After six NME award nominations, one Grammy and a Brit nomination in 2016 so far, indie-folk rockers Wolf Alice embarked on their UK tour just last week playing to sold out venues across the country. Initially forming as an acoustic duo back in 2010, consisting of sullen and sultry lead singer Ellie Roswell and guitarist Joff Oddie, the band soon realised they needed a fuller sound, and recruited bassist Theo Ellis and drummer Joel Amey. Their debut album, My Love is Cool, went to number two in the UK album charts; the four-piece are bringing back 90s grunge with a sense of delicacy to a totally new audience.
As the main room of the Manchester Academy fills up, it’s hard to detect a particular style of audience. Screaming fourteen year-olds covered in glitter, sincere looking 20 odd-year-olds and middle-aged blokes alike mingle through the crowd, showcasing the band’s accessibility and appeal to anyone of any age.
Wolf Alice enter in a humble fashion, shuffling onstage as the lights turn black. The first raw chords of straight-talking track ‘Your Loves Whore’ ring out and the crowd are sold. Combining a rough-and-ready bass with Roswell’s fragile, almost angelic vocals, the band surge through hit after hit including ‘You’re a Germ,’ ‘Freazy’ and particular crowd-favourite, ‘Bros’, a moving song about the comradery of two best friends. With harsh, coarse backing vocals from Ellis, the combination and clash of harmonies can only be described as beautiful.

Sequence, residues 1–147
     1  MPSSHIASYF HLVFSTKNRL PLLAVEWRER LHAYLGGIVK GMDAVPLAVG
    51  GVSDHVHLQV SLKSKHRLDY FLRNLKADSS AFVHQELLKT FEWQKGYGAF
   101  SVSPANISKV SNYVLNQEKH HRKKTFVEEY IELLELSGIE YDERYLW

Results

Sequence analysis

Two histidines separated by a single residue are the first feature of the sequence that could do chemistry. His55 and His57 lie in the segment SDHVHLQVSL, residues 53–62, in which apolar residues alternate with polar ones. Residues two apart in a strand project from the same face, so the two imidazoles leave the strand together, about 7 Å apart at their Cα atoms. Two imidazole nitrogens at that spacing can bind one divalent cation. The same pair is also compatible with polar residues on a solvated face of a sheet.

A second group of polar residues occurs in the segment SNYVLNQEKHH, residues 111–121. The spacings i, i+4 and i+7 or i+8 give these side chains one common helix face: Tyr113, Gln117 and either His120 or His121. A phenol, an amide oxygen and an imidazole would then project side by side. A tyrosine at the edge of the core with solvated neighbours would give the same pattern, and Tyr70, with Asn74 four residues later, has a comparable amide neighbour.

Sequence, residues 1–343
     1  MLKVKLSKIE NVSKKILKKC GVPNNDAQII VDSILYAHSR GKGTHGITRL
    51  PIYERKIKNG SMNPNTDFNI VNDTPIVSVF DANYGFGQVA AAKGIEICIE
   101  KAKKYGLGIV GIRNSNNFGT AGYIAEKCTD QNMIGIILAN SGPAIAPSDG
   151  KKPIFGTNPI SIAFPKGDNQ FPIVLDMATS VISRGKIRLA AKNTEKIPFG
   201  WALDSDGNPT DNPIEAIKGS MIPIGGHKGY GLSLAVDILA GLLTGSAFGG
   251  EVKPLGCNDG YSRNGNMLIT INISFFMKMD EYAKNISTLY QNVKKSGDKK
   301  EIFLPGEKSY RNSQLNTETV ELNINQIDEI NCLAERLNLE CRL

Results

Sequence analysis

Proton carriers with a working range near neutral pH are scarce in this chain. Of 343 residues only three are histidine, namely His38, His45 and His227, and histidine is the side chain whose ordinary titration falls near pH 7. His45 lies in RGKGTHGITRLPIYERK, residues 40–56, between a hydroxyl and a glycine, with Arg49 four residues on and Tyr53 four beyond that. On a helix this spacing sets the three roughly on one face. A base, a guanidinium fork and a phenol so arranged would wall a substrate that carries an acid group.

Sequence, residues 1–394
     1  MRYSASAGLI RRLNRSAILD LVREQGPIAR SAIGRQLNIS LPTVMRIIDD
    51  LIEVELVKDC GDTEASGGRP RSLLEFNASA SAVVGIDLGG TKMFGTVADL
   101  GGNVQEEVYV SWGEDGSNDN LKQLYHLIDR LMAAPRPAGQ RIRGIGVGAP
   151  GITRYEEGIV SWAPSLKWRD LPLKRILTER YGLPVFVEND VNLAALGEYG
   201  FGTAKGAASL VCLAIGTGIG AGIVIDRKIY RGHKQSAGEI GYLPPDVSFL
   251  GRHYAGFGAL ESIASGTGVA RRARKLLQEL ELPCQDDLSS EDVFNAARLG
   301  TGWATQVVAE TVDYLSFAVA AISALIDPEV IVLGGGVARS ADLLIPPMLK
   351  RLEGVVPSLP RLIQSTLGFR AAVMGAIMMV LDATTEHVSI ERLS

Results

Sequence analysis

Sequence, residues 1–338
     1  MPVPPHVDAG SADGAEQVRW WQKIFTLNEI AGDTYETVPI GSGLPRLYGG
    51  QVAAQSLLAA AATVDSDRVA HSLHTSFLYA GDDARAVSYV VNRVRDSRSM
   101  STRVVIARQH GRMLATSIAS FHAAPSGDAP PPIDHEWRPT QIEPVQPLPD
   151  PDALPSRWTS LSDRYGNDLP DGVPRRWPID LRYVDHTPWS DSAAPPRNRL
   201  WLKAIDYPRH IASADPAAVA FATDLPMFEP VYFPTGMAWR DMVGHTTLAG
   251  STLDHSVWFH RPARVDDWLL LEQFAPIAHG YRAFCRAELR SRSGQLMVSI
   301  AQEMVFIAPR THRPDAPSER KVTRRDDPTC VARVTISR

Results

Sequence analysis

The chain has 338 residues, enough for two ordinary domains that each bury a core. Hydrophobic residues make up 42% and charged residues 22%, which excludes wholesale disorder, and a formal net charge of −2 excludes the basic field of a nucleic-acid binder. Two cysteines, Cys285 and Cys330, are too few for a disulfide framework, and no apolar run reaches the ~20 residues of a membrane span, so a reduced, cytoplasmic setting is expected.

With relief from the flood of angst provided by soothing lullaby ‘The Wonderwhy’, the band’s brilliant songwriting ability is truly exhibited. Roswell almost whispers her way through this thoughtful and reflective song, whilst the atmosphere turns from raunchy and raw to calm and collected. However, in true, unpredictable Wolf Alice style, the crowd is surged back into Wolf Alice’s familiar style with grunge/punk inspired track ‘Storms.’ As Ellis asks the question “Are you still with us Manchester?” he is answered instantly by a roar of cheers and applause from the ever faithful crowd, and the band power on.
Listening to their album, you would struggle to detect that the band are quite quiet and reserved; despite little crowd interaction, Wolf Alice manage to keep their audience fully engaged and entranced with their music alone. As the band finish their initial set with three of their biggest tracks off the album, ‘Fluffy,’ ‘She’ and ‘Moaning Lisa Smile,’ the energy surges throughout the crowd without faltering for even a second.
Declaring that Manchester has been “completely amazing”, the band barley have time to put down their guitars before the crowd beg for an encore. Gifting the audience with beautiful and soothing song ‘Turn to Dust,’ Wolf Alice seem genuinely thrilled by the reaction they’ve received, perhaps proving their pure intentions as a band on the cusp of becoming huge. Ending the fourteen-song set with slower track ‘Blush’ and of course, the single that started it all, ‘Giant Peach,’ the band depart the stage, with the crowd still roaring for more behind them.
Wolf Alice are no ordinary band. Managing to execute so many contrasting moods in one album is a hard task for any established artist to master, yet they do it effortlessly. With a festival-packed season ahead of them, as well as American and European dates throughout the rest of the year, Wolf Alice can only be set for bigger and better things.